Example Lambda: The following short lambda would add the address tz1burnburnburnburnburnburnburjAYjjX to the list of administrators on the contract KT1J4CiyWPmtFPXAjpgBezM5hoVHXHNzWBHK (which is the YOU token contract on Ghostnet), by calling the set_administratorentrypoint.

{    {        DROP;        NIL operation;        PUSH address "KT1J4CiyWPmtFPXAjpgBezM5hoVHXHNzWBHK";        CONTRACT %set_administrator            (pair address nat);        IF_NONE            {                PUSH int 253;                FAILWITH            }            {            };        PUSH mutez 0;        PUSH            (pair address nat)            (Pair "tz1burnburnburnburnburnburnburjAYjjX" 0);        TRANSFER_TOKENS;        CONS    }}

Wiring in of new smart contracts#

A proposal could also include additional smart contracts which the proposer had to deploy before submitting the proposal (eg. a new youves engine) and which the proposer would wire into the youves network of smart contracts by executing the proposal's lambda. The youves community also needs time to verify and audit these smart contracts, which could take considerable amounts of time.

Proposal escrow#

When a proposal is submitted, the proposer needs to pay an escrow amount in YOU tokens. The amount needed is defined in escrow_amount. If the proposal fails to reach the percentage of vote weight defined in min_yes_votes_percentage_for_escrow_return, the escrow amount is sent to the address defined in community_fund_address. The community can decide on how to use those funds by submitting a proposal (eg. move it into the unified staking contract, or use it as a reward for a proposal etc.).

The proposal has now been submitted by the proposer and the DAO contract has successfully registered it:

2. The first waiting period starts (Vote Delay Period)#

When a new proposal is submitted, the process starts with a waiting period, the Vote Delay Period.

The parameter voteDelayBlocks defines how many blocks have to pass before the voting starts. This is the last chance of the community to make sure the proposal is properly reviewed and does exactly what was said it would be doing (and nothing else eg. in a malicious part of the code).

Once the Vote Delay period has run down:

3. The voting period starts (Voting Period)#

The parameter voteLengthBlocks defines how many blocks the proposal is open for votes. Currently, only youves users who have staked YOU tokens in the YOU staking pool are allowed to vote. A user can choose to accept or decline the proposal or to abstain from the vote. As a user can have more than one YOU stake, the user can choose to only vote with some of his YOU stakes. As long as the voting period runs, a user can change already given votes or add more stakes to vote with.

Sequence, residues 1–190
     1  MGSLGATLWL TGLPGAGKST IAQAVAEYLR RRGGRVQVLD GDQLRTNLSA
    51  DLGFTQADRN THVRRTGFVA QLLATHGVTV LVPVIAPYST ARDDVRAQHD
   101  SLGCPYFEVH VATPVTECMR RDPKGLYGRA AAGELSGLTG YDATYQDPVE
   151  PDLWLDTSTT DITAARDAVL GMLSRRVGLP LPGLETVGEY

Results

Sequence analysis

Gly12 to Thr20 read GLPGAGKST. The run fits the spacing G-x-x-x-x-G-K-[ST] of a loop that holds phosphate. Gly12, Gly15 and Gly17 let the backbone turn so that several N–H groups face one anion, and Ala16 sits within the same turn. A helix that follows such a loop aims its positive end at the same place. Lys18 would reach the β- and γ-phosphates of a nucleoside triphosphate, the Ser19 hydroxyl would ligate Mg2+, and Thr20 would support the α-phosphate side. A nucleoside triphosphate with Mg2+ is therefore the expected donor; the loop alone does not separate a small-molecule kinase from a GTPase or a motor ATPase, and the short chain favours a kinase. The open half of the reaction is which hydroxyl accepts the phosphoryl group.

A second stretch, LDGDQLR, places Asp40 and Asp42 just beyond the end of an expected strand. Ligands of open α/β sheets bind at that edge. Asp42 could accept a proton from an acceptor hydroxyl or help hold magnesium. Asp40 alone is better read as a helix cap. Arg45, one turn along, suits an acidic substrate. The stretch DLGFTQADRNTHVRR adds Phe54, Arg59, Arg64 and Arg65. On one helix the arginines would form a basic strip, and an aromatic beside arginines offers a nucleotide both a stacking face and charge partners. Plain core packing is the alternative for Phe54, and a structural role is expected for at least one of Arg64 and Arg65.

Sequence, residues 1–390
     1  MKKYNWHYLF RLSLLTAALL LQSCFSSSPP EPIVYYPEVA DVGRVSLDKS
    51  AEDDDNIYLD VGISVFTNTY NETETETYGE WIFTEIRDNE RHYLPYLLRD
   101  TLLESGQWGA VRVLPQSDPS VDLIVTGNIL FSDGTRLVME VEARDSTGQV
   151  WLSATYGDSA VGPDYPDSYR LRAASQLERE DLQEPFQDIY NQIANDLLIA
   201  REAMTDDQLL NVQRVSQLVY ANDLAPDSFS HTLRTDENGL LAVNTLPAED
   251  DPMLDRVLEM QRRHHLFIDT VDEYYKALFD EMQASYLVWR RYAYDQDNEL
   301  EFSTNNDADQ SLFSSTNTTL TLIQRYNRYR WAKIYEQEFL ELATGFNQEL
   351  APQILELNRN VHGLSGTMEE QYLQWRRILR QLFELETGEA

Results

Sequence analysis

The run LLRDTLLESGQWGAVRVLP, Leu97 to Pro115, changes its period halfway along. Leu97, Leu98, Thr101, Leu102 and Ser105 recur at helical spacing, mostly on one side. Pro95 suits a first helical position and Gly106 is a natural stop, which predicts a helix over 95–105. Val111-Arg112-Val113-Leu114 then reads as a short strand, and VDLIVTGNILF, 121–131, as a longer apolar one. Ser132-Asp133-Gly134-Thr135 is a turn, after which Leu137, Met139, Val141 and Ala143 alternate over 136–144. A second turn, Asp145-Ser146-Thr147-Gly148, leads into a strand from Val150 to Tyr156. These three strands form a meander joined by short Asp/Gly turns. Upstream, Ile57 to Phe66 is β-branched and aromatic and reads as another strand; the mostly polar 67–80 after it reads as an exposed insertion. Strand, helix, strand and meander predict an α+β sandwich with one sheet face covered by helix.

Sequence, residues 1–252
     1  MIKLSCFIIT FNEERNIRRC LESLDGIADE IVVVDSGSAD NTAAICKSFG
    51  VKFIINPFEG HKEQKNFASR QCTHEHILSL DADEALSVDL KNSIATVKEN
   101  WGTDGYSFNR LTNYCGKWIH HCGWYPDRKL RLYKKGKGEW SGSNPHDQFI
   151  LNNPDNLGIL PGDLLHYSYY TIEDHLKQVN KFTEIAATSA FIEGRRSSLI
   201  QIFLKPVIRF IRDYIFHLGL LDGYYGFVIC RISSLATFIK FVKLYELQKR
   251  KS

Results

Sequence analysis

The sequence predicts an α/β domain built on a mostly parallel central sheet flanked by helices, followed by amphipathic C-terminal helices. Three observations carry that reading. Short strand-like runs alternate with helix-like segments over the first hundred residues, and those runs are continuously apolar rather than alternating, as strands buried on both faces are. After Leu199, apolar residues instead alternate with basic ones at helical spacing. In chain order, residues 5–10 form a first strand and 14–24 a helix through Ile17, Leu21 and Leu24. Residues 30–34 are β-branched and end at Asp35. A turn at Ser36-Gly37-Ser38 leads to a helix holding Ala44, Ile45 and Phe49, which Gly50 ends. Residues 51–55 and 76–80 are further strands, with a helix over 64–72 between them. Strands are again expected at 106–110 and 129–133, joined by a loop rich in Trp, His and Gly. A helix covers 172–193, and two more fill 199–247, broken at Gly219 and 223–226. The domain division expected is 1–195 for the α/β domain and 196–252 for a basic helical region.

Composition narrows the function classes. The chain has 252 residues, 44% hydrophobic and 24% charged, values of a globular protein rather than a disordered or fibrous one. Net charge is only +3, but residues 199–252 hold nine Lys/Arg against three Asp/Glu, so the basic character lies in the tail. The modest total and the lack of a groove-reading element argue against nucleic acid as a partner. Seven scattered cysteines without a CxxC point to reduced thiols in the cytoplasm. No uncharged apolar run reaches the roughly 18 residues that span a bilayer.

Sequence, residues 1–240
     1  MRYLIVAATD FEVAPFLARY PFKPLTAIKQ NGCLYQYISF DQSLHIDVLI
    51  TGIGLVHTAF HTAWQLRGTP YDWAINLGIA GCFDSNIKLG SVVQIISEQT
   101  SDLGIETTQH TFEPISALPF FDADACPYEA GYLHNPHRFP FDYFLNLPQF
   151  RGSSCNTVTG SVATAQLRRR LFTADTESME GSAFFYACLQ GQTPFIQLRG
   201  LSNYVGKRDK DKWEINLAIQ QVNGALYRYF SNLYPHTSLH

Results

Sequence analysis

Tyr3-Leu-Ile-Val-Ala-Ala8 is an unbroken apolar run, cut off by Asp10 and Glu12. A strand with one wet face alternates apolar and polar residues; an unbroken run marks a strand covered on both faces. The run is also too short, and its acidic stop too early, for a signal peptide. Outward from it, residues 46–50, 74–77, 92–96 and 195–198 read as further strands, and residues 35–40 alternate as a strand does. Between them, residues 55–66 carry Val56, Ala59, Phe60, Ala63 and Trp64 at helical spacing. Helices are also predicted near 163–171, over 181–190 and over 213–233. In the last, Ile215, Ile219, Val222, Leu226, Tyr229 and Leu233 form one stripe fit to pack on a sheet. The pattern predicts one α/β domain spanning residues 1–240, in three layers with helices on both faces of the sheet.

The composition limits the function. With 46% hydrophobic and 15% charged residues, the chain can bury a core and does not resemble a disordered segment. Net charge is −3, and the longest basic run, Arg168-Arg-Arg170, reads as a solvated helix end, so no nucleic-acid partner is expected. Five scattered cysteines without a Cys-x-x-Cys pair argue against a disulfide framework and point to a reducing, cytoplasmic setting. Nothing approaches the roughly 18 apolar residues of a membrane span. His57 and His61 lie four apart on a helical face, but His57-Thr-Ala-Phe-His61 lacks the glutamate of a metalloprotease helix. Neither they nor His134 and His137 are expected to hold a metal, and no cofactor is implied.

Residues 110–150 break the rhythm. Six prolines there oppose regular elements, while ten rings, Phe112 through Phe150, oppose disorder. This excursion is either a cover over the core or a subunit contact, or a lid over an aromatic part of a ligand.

It is important to note that during the vote the used YOU stakes will be locked in the voting contract: Upon voting, they are transferred (like an NFT) to the DAO contract. This means these YOU tokens cannot be withdrawn from the vote contract or from the unified staking pool until the vote ends. They will also not be visible on the youves frontend and will not count towards the Total Estimated Value of a user, because technically they are not owned by the user's account during the voting lock up period.

After the voting period ends, a user needs to claim back his vaults. A one-click action on the frontend can be used for this.

4. The vote ends (End Vote)#

Once the blocks defined in voteLengthBlocks have passed, voting is not possible anymore and anyone can call the endVote entrypoint.

The endVotecall

  • ends the current voting period
  • does the necessary calculation of the final results
  • frees up the locked stakes so they can be claimed by the voters again
  • returns the escrow amount to the proposer or forwards it to the community fund address
  • recalculates the quorum for the next proposal
  • initiates the next phase:

5. Proposal end or timelock period starts (Timelock Period)#

If the proposal was not accepted, things will simply end here. If the proposal was accepted, quorum and supermajority were reached, the timelock period starts. As defined in blocksInTimelockForExecution a certain amount of blocks needs to pass until the proposer (and only the proposer) can execute the lambda that is attached to the proposal. It is during this time the Break Glass Guardian can step in by using the Break Glass Contract to veto and immediately cancel the proposal before it can be executed. Read more about the Break Glass Guardian below.

Once the timelock has run down, the proposer can execute the lambda:

6. Execution period starts (Execution Period)#

Once the timelock has expired, the proposer can execute the lambda by calling executeTimelock: the lambda will be executed and the intended change will happen.

After the execution period ran for enough time to execute the proposal, the cancellation period starts:

7. Cancellation period starts (Cancellation period)#